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Cheap Eats; Panini passes test, and so do other items at Two Sisters

Two Sisters Cafe is located in the front corner of a modern office building, with the cafe door a few steps inside the main door. This would not seem to be the most comfortable or homey atmosphere, but some careful design steps have made Two Sisters inviting.

First, there's a streetside patio, with bistro tables and chairs and umbrellas, and a second, more shaded and private seating area off to one side. Plenty of people were lounging and watching sidewalk and street traffic on the slightly elevated patio on the warm Sunday around noontime when Paula, Tom, John and I arrived. The patio looked appealing, but to make this a review that could help in our nine months of nonsummer weather, we chose to check out the inside room.

Once you get past the hall of the office building, Two Sisters is appealing. The walls are painted in subdued earth tones, the tables have cloth covers under glass for easy cleanup, and there is French-influenced decor, including wall plaques and an old-fashioned dresser accessorized as a small counter.

The breakfast and lunch menu offers a range of egg dishes, sandwiches, soups and salads, including some vegetarian-friendly offerings, and some interesting daily specials on the whiteboard at the door.

Service was friendly and relatively speedy, and we spent some time trying to pick out the two sisters of the cafe's name, only to learn that it is now owned by two friends instead.

The food arrived quickly after ordering, and the coffee drinkers had their cups refilled right away.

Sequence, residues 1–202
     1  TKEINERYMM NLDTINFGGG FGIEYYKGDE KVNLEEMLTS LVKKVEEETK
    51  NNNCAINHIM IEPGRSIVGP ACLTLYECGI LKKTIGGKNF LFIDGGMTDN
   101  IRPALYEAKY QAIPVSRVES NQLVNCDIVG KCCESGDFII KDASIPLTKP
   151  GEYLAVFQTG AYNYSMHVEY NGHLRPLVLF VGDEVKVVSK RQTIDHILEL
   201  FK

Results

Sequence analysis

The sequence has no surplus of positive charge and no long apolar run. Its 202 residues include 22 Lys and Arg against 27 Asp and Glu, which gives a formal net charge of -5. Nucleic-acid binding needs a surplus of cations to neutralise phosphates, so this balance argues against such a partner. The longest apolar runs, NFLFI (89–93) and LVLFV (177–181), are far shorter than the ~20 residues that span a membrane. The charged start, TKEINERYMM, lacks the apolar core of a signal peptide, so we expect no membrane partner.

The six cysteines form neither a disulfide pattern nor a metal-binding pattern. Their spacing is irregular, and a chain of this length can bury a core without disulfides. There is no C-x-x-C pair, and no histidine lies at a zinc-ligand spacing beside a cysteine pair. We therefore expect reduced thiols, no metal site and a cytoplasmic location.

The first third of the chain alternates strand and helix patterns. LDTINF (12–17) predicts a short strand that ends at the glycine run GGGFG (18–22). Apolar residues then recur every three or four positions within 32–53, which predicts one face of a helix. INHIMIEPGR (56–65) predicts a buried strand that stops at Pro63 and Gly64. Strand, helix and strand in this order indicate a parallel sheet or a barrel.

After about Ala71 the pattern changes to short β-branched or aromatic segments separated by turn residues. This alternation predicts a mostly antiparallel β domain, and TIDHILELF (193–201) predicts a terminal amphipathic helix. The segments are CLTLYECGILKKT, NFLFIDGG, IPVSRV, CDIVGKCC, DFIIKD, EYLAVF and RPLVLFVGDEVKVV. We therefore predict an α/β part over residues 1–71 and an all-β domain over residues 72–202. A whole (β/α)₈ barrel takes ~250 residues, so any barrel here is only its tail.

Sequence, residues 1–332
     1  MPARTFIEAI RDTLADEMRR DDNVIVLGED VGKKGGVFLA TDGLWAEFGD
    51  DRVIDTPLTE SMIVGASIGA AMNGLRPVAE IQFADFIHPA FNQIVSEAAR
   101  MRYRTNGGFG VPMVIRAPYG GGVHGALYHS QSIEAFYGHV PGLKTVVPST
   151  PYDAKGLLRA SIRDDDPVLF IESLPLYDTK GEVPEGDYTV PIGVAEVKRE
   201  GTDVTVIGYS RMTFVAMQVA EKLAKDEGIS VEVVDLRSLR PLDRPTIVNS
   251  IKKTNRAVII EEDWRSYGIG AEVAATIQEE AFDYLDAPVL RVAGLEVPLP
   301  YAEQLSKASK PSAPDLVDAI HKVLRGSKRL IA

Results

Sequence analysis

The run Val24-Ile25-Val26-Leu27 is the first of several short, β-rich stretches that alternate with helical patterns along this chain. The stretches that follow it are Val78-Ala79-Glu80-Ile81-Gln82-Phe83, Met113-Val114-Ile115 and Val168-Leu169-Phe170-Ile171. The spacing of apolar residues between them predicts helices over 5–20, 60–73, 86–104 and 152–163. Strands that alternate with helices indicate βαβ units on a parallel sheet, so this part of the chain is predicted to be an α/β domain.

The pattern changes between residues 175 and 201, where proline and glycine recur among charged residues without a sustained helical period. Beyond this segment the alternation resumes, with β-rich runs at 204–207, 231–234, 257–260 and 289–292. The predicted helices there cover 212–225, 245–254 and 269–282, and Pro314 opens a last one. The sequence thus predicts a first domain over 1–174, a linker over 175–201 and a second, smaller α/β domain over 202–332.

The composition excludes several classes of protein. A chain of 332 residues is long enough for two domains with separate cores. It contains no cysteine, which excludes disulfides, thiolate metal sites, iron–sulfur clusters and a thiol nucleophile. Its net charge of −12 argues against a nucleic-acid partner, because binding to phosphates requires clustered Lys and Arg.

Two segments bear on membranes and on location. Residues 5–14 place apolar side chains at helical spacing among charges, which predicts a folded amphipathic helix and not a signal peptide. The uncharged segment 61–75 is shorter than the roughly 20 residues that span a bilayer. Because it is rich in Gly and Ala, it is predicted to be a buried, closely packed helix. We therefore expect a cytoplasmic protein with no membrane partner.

Tom set the bar high when he noticed panini on the menu and recalled how much he had enjoyed the pressed sandwiches he'd had in Rome. (That's Rome, Italy, not Rome, N.Y.) We predicted disappointment, given that he had eaten panini in the birthplace of panini, but he was satisfied with Two Sisters' version of the turkey panini ($7.95), made with fresh spinach, red pepper, provolone and a lightly herbed mayo. The bread was a thick and dense foccacia, so it was not pressed as flat as we usually see, with only a few grill marks. The provolone was not fully melted, probably because of the thickness of the bread. But the sandwich was delicious, and the deli-style sliced turkey was plentiful and good.

The Cafe Breakfast was a simple one: two eggs, home fries, toast and bacon, sausage or ham, for a good price, $6.95. The eggs were cooked exactly as ordered, over medium; the sausages were plumper than the usual store-bought ones and the home fries were nicely browned.

A Two Sisters Scramble ($8.95) took the usual breakfast ingredients, added a few more, mixed them up, then topped them with melted cheddar. The eggs, chopped sausage and home fries were joined by cooked peppers and onions. While the onions were fried until they were soft, the peppers were sauteed lightly and left green, giving a slight crunch to the mixture.

But the star of the table was the pumpkin pancakes ($6), one of the daily specials. The authentic spiced-pumpkin fragrance wafted across the table. Having battled with pumpkin muffins and cookies, I know how challenging it is to include enough pumpkin to provide flavor without making the batter heavy and too wet in the center. The cook at Two Sisters timed it perfectly, offering nicely cooked cakes with a tender, although not fluffy, interior.

email: aneville@buffnews.com

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 TWO SISTERS CAFE    

3 pennies (out of four)    

"Fresh and hot."    

WHERE: 4211 N. Buffalo Road, Orchard Park (667-6887)    

HOURS: 8 a.m. to 2 p.m. daily.    

WHEELCHAIR ACCESS: Yes

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